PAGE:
Simulating pasture growth rates in Australian and New Zealand grazing systems
You are here
Cullen, BR and Eckard, RJ and Callow, MN and Johnson, IR and Chapman, DF and Rawnsley, RP and Garcia, SC and White, T and Snow, VO, Simulating pasture growth rates in Australian and New Zealand grazing systems, Australian Journal of Agricultural Research, 59, (8) pp. 761-768. ISSN 0004-9409 (2008) [Refereed Article]
DairyMod, EcoMod, and the SGS Pasture Model are mechanistic biophysical models developed to explore scenarios in grazing systems. The aim of this manuscript was to test the ability of the models to simulate net herbage accumulation rates of ryegrass-based pastures across a range of environments and pasture management systems in Australia and New Zealand. Measured monthly net herbage accumulation rate and accumulated yield data were collated from ten grazing system experiments at eight sites ranging from cool temperate to subtropical environments. The local climate, soil, pasture species, and management (N fertiliser, irrigation, and grazing or cutting pattern) were described in the model for each site, and net herbage accumulation rates modelled. The model adequately simulated the monthly net herbage accumulation rates across the range of environments, based on the summary statistics and observed patterns of seasonal growth, particularly when the variability in measured herbage accumulation rates was taken into account. Agreement between modelled and observed growth rates was more accurate and precise in temperate than in subtropical environments, and in winter and summer than in autumn and spring. Similarly, agreement between predicted and observed accumulated yields was more accurate than monthly net herbage accumulation. Different temperature parameters were used to describe the growth of perennial ryegrass cultivars and annual ryegrass; these differences were in line with observed growth patterns and breeding objectives. Results are discussed in the context of the difficulties in measuring pasture growth rates and model limitations. © CSIRO 2008.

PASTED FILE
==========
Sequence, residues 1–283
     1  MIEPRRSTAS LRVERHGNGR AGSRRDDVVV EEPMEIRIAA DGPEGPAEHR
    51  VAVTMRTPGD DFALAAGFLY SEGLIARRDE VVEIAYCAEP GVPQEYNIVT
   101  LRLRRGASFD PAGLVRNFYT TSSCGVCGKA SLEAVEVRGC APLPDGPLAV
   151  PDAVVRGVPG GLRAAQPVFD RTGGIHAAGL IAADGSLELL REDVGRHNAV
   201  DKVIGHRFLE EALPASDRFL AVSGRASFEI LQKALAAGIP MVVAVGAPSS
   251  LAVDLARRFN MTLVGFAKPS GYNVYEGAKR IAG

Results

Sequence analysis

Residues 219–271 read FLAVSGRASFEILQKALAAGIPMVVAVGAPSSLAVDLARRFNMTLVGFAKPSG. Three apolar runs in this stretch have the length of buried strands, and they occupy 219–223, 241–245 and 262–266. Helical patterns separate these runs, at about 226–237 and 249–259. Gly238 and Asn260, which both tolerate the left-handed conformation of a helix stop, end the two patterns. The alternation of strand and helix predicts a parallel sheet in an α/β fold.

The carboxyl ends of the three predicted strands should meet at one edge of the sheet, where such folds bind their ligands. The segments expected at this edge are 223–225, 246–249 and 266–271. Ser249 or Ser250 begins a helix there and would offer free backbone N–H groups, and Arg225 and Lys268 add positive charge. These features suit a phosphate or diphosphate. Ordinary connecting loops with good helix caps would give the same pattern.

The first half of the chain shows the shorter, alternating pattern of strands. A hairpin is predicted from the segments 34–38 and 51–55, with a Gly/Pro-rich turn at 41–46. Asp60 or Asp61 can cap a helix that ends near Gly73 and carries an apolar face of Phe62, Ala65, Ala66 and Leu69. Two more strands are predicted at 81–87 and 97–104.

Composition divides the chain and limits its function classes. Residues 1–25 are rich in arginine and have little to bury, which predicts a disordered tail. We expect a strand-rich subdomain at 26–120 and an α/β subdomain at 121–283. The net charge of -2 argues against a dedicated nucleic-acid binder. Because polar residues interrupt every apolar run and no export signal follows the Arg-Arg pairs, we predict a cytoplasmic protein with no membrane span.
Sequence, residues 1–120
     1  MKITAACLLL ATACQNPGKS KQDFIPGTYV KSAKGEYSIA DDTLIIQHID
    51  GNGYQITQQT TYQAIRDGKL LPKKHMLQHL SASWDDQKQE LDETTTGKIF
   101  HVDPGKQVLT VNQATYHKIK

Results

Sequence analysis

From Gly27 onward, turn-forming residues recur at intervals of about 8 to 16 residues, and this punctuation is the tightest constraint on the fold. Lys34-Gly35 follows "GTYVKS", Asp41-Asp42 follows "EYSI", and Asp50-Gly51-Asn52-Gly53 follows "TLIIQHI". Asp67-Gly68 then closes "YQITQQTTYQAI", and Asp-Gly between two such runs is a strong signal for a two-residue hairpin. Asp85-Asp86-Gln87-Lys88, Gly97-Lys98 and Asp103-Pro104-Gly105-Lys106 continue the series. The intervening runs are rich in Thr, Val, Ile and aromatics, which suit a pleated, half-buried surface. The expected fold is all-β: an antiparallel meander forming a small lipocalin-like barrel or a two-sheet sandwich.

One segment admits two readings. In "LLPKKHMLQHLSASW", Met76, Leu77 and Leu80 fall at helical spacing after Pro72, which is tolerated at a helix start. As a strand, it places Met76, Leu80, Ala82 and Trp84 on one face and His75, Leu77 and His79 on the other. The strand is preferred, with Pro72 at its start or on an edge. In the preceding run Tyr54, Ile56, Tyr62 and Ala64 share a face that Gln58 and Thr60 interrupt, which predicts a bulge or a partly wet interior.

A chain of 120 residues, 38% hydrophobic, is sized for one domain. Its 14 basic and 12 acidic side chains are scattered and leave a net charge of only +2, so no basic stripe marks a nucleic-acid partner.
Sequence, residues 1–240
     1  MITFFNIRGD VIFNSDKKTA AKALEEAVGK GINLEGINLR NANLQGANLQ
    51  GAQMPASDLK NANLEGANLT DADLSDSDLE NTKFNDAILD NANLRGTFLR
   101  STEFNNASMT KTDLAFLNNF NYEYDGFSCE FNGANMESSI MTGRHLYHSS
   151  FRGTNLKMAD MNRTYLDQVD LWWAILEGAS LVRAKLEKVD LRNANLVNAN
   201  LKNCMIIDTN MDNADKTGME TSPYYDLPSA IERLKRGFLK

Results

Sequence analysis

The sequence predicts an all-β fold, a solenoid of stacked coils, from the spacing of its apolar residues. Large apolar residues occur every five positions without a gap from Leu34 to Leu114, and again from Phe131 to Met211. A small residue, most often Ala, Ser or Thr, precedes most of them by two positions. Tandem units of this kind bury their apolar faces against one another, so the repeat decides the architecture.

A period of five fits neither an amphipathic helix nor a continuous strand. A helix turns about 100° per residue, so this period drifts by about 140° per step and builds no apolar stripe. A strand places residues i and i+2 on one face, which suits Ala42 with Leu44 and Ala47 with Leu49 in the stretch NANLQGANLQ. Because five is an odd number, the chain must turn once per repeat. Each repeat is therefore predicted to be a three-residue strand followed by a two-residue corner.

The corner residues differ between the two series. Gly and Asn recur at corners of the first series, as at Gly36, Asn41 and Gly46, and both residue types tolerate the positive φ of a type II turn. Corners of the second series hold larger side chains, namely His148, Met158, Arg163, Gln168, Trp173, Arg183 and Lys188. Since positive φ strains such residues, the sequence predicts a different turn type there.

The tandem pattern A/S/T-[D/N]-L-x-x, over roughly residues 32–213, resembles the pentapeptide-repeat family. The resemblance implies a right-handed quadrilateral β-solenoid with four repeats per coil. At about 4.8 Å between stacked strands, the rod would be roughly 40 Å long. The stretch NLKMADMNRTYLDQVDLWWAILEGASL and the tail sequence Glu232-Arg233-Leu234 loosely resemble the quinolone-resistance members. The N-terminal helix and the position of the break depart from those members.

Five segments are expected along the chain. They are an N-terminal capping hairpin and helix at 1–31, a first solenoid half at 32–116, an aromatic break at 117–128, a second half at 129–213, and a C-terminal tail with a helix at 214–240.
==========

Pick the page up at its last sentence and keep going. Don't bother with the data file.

Repository Staff Only:
item control page